I’m more of a tunnel-person, most happy working quietly in the background and not not very comfortable being out in the open. Others are bridge-people and quietness and hiddenness is hard for them. Both are amazingly complex constructions.

Kevin Kelly reminds me, though, to learn is to be alive and that means none of us are fixed.

Jonah Lehrer dips beneath the surface of this and writes of our plasticity:

Our human DNA is defined by its multiplicity of possible meanings, it’s a code that requires context. […] What makes us human and what makes each of us his or her own human is […] how our cells, in dialogue with our environment, feed back to our DNA, changing the way we read ourselves.^

Best I keep moving. Will you join me?

(*From Seth Godin’s blog: Bridges and tunnels.)
(**Kevin Kelly, quoted in Brian McLaren’s God Unbound.)
(^From Jonah Lehrer’s Proust was a Neuroscientist.)

A community of cloud-walkers

NEFELIBATA. Definition: A cloud walker. An individual who lives in the clouds of her own imagination or dreams. A person who doesn’t abide by the rules of society, literature, or art.
Pronunciation: ne-fe-LE-ba-ta.

A hero is someone who has given his or her life for something bigger than oneself.*
(Joseph Campbell)

The Portuguese word nefelibata was a gift from Valerie while we were taking a walk through the clouds yesterday in our dreamwhispering conversation.

I see nefebilata as those who have learned both to live in reality and to explore their imaginations.

There are many who, for right or wrong, want you to keep our feet on the ground – as they do – and not to go walking through the clouds of a different perspective to the conventions of ‘society, literature, or art’ – and all they encompass and stand for – but you must play:

Creativity is the search for meaning.**

While this may sound individualistic, the reality is nefelibata see others differently, valuing who they are, appreciating how they are completed by others, and so they are very glad to have company, to commit to community,.

It is a gift to be able to live our lives around what we value most of all, trusting that when we allow ourselves and each other to do this, wonderful possibilities will follow. Walking through the clouds is a way of imagining how we can live our lives joyfully and for the good of others.

Valerie happened to send me another gift following our conversation, summing up what walking through the clouds has meant for her:

There are no manuals for the construction of the individual you would like to become. You are the only one who can decide this and take up the lifetime of work that it demands. This is a wonderful privilege and such an exciting adventure. To grow into the person your deepest longing desires is a great blessing. If you can find a creative harmony between your soul and your life, you will have found something infinitely precious. You may not be able to do too much about the great problems of the world or to change the situation you are in, but if you can awaken the eternal beauty and light of your soul, you will bring light wherever you go. The gift of life is given to us for ourselves and also to bring peace, courage, and compassion to others.^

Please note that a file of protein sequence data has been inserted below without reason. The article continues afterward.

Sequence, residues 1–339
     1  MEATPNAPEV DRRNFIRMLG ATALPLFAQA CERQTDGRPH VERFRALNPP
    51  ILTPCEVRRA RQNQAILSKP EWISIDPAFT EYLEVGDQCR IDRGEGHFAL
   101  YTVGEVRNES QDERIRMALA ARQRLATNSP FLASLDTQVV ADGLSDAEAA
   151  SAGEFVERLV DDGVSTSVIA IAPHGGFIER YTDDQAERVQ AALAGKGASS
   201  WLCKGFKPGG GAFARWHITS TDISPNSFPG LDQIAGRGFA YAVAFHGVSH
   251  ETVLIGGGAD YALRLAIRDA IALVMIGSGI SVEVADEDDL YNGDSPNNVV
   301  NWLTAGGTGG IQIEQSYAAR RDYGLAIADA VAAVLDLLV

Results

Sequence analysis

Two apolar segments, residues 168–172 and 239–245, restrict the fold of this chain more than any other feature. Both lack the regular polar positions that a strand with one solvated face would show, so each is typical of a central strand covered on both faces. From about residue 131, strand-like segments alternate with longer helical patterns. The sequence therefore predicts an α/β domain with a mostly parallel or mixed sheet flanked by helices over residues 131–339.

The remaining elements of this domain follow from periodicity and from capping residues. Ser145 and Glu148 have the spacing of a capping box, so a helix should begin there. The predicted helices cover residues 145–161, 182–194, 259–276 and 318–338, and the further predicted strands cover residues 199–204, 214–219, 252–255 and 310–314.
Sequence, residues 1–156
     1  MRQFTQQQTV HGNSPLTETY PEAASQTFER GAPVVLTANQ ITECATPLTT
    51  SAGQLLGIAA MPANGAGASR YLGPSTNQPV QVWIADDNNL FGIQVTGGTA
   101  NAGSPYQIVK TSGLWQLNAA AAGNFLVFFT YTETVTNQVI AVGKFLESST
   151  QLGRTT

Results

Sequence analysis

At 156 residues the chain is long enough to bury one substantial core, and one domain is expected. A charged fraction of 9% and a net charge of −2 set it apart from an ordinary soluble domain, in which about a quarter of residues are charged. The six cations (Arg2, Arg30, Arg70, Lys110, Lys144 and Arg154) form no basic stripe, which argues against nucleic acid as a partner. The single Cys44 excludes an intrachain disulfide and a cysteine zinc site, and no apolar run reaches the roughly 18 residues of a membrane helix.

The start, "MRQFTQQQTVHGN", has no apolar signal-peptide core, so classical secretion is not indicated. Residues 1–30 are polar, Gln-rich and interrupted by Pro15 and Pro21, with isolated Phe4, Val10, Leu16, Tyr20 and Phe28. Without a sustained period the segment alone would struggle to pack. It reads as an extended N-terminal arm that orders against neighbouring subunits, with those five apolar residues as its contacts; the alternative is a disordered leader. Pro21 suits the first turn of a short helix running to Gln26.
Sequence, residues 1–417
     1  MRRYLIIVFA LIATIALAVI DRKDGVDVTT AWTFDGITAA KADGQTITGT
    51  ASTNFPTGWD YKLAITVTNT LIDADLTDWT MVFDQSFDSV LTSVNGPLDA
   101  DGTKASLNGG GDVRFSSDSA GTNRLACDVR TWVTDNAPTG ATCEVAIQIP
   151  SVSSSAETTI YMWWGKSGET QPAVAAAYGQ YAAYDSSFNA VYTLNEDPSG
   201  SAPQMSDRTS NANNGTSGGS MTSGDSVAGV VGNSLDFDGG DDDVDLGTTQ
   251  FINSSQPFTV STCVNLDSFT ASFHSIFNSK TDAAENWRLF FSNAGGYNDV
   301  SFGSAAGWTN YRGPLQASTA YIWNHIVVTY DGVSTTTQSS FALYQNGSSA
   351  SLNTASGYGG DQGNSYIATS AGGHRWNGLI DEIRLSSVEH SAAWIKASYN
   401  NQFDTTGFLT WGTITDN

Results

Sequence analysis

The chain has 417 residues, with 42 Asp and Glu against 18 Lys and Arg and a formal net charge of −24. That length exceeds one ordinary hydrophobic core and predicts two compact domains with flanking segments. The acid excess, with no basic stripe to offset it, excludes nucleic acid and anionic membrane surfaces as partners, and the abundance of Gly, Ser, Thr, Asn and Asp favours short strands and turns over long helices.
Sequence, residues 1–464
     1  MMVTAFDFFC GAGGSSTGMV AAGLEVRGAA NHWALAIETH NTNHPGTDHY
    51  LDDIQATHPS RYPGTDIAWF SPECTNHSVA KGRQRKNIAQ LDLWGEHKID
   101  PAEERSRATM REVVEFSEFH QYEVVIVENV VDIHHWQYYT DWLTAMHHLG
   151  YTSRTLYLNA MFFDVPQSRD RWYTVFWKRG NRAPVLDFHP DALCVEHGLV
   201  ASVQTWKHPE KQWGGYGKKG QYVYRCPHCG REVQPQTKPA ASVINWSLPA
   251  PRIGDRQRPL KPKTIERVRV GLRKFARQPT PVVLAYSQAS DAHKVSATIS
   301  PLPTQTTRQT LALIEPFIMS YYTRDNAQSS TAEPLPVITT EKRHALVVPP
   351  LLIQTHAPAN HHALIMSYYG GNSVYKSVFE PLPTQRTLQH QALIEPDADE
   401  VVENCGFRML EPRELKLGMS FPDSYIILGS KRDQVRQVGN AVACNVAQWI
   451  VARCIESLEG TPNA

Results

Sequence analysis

(*From Joseph Campbell and Bill Moyers’ The Power of Myth.)
(**From Seth Godin’s blog: Seeing the world anew.)
(^From John O’Donohue’s Eternal Echoes.)

The protopian

The pace of words is the pace of walking and the pace of walking is also the pace of thinking.*
Geoff Nicholson)

Above all, this is a book about people and place: about walking as a reconnoitre inwards, and the subtle ways in which we are shaped by the landscapes through which we move.**
(Robert Macfarlane)

Before tourism arrived on the scene people travelled.

These travellers could not help but engage with the lives and scenery they met and traveled through, and this experience would often change them.

Travelling doesn’t have to be to a far away place or to a place at all. We can be travellers through books, through a local initiative or purpose, a local walk with openness, a conversation that is allowed to deepen … . These serve as disruptive experience making it possible to unlearn and relearn.

Pamela Paul writes about how important boredom is to us, how children need to learn how to deal with it rather than being entertained – something important to us whatever our age:

Once you’ve truly settled into the anesthetising effects of boredom, you find yourself en route to discovery. With monotony, small differences begin to emerge, between those trees, those sweaters. This is why so many useful ideas occur in the shower, when you’re held captive to a mundane activity. You let your mind wander and follow it where it goes.^

The protopian, as I play with the word, is the travelling person who knows it is the journey that allows them to keep growing and developing across their lifetime:

Protopia is a state of becoming rather than a destination.^^

Those who travel in this way have many treasures to bring to others. If you have the time, read Constantin Cavafy’s short-though-epic Ithaka.

(*From Geoff Nicholson’s The Lost Art of Walking.)
(**From Robert Macfarlane’s The Old Ways.)
(^From Pamela Paul’s New York Times article: Let Children Get Bored Again.)
(^^From Kevin Kelly’s The Inevitable.)

Relight your fire

sometimes it only takes a stranger in a dark place … to make us warm in the coldest season*